And would an unknown Senator expect to be elected just because he’s the best and everyone should recognize his merit?

In many ways, M-C is learning how to do what she’ll need to do once she is published: let everyone know about her and her book. I guess I’d better start learning lessons from her.

Why Do I Feel This Party’s Over?

I’ve been drinking too much wine again lately. It’s one of those things that just gradually ramps up. Over the holidays I indulged in both food and drink — including beer, which I love but is verboten if I want a flat tummy, which I do — but I’m ostensibly back on my training program, to get the body fat down just a little more. Only I haven’t quite ramped down the wine consumption.

It’s all a tolerance thing. If I don’t drink anything for a couple of weeks, then one glass of wine is enough. It’ll be delicious and satisfying, and perhaps even give me a little warm buzz. Maybe it’s the dark January evenings, but I haven’t done a ruthless, no alcohol diet yet this year. Instead I’m sipping red wine all evening long. It doesn’t help that Barefoot came out with the biggie bottle of red zin — it’s the wine version of hot chocolate. A pretty glass, a sparkling fire and that spicey bloody wine makes the winter evenings worthwhile.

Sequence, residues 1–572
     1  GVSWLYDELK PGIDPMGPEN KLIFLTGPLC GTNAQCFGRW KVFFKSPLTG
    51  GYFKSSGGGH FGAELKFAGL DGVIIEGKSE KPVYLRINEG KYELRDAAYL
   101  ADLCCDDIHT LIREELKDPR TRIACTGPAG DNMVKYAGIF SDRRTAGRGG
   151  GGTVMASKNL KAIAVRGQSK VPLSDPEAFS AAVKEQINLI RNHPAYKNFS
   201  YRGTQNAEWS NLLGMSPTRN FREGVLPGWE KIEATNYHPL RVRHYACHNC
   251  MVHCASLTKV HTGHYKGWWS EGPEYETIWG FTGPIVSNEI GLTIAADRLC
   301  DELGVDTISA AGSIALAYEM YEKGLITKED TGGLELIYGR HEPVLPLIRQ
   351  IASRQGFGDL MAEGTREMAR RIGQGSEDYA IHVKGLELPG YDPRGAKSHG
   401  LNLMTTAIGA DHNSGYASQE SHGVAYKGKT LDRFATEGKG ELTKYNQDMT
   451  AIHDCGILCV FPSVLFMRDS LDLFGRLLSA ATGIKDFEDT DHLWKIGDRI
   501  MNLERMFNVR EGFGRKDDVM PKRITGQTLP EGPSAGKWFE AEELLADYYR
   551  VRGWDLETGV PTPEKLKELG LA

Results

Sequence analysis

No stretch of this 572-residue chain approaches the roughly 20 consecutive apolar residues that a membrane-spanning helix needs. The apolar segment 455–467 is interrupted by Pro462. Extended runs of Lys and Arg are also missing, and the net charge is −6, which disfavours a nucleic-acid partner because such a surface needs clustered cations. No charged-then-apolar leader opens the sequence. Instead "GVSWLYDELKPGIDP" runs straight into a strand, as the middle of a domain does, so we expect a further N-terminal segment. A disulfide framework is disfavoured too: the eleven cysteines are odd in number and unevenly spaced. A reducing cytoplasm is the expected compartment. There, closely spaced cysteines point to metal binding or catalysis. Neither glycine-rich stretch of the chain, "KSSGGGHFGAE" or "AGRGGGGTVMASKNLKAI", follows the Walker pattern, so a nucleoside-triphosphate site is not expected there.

And though I rarely get drunk, and haven’t made myself sick from booze in probably ten years (though we were all dragging rear Christmas morning this year from some really excellent champagne), I am so compelled by Pink’s Sober video.

I’ve been into Pink’s angry white chick music since her I’m Not Dead Yet album. Before that I’d written her off as a frothy hip-hopper, confused in my mind with Lil Kim and her ilk. I’ve since picked up her earlier stuff, too, and while there is some hip-hoppy stuff (apparently she was pushed that way by her early producers), a lot of it is raw and real and moving to me.

While I, even in my most dedicated Gamma Phi Beta college days, was never the party girl Pink depicts in her video, there’s a part of her I know. Perhaps it’s that ever-present fear that you could slip that far. Fall over the edge into an oblivion where you no longer recognize yourself. Pink’s plaintive cry “why do I feel this party’s over?” echoes the somber realization of the over-40 woman. I’m having to realize that the days of perfect resilience are over. I no longer blithely burn everything I eat and drink.